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Vein issues, particularly in the legs and feet, are very common and impact many individuals. Two conditions, chronic venous insufficiency and peripheral arterial disease (or PAD), affect the veins or arteries in the legs and feet and can have serious symptoms that impact your daily life. Because certain symptoms of diabetes can have adverse effects on the veins and arteries, those with diabetes may be more prone to developing chronic venous insufficiency or PAD. If you are a diabetic with vein problems or one of those conditions, there are steps that you can take to improve your vein health and alleviate your symptoms. The type of socks you wear can actually play a role in managing your symptoms.
What is chronic venous insufficiency and peripheral arterial disease?
Chronic venous insufficiency is a result of improper blood flow from your legs back up to your heart. This occurs when the veins in your legs do not allow blood to flow back to the heart for proper circulation. Tiny valves inside the veins open to help push blood back to the heart. Most of the day, these valves are working against gravity to push the blood in your feet and legs all the way back up to your heart. If the valves become damaged or are not working properly, blood can pool in your feet and legs. This results in poor circulation and can cause swelling, heaviness, fatigue and discomfort in your feet and legs, leg ulcers, varicose veins, and other symptoms. Poor circulation can also lead to other serious health problems.
Peripheral arterial disease (PAD) affects the arteries, which help pump blood from your heart throughout your body, specifically in your arms and legs. PAD occurs when the arteries become too narrow to carry enough blood to your arms and legs, usually from a build-up of fat or other substances that clog the arteries. This condition is more common in the legs. Symptoms of PAD include cold feeling, numbness or weakness, cramping and discomfort.
As a diabetic, you most likely already practice proper foot care by wearing the right type of socks and keeping your feet clean. If you are a diabetic that also has venous insufficiency or PAD, your symptoms may be heightened. Because they are closely related, many symptoms of diabetes can worsen symptoms of chronic venous insufficiency or PAD, and vice versa. The use of compression socks may help relieve symptoms and improve your leg and vein health. Compression socks improve circulation by applying graduated compression to help push blood back up to the heart. Improved circulation helps prevent and relieve heaviness, swelling, discomfort and fatigue in your feet and legs. It can also help with many other common symptoms of venous insufficiency or PAD.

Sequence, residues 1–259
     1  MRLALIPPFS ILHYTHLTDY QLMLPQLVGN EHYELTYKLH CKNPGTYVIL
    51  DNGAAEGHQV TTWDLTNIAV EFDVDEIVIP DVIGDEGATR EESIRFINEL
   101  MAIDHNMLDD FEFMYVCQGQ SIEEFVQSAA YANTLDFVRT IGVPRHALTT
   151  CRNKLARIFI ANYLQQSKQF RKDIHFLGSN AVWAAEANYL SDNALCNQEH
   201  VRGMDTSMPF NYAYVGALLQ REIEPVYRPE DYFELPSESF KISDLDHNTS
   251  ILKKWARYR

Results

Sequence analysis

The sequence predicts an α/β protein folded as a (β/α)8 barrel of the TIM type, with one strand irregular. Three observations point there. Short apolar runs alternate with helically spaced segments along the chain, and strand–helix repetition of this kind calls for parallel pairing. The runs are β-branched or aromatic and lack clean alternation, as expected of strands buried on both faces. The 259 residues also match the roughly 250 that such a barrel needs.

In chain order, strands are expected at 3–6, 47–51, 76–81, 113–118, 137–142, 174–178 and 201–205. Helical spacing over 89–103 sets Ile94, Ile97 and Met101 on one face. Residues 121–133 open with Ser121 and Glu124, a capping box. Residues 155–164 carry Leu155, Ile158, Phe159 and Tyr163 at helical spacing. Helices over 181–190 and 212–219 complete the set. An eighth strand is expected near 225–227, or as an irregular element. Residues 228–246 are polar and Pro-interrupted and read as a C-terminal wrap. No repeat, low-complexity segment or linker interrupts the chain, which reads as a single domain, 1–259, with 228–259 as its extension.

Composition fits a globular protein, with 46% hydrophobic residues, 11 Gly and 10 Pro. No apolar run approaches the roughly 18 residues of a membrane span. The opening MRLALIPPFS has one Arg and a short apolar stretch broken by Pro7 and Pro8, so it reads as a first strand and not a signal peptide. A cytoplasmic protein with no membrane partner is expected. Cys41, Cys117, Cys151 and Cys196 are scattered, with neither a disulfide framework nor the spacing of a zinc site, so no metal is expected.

In a clinical study1, the use of mediven angio diabetic compression socks was studied in patients with diabetes mellitus and chronic venous insufficiency or peripheral arterial disease. For these patients, testing the ABPI (Ankle Brachial Pressure Index) is crucial. The ABPI score indicates whether or not compression is safe for use. only patients within a certain ABPI score were eligible to wear compression and participate in the study. As a result of the study, mediven angio diabetic compression socks were proven safe to use for specific individuals with diabetes and venous insufficiency or PAD symptoms. These socks helped improve circulation and helped relieve certain diabetic and vein symptoms. Patients also rated the wearing comfort of the socks from very good to good.
Mediven angio was designed to offer safety in treatment for venous disease and peripheral arterial disease symptoms in diabetics. The socks include Merino Plush in the entire foot for both comfort and protection. Unique padding throughout the foot and ankle reduces pressure and irritation on bony areas and prevents skin breakdown and lesions. They also include an extra long flat toe seams that reduces pressure points on the toes and feet for a more comfortable fit.
You should always consult your doctor first before wearing compression to make sure it is the right choice for you and your symptoms. If you have diabetes, chronic venous insufficiency or PAD, talk to your doctor about your symptoms to see if compression is safe for you.
1. Rother U et al. Safety of medical compression stockings in patients with diabetes mellitus or peripheral arterial disease. BMJ Open Diab Res Care 2020;8e:001316. https://tinyurl.com/3cjmcr7k
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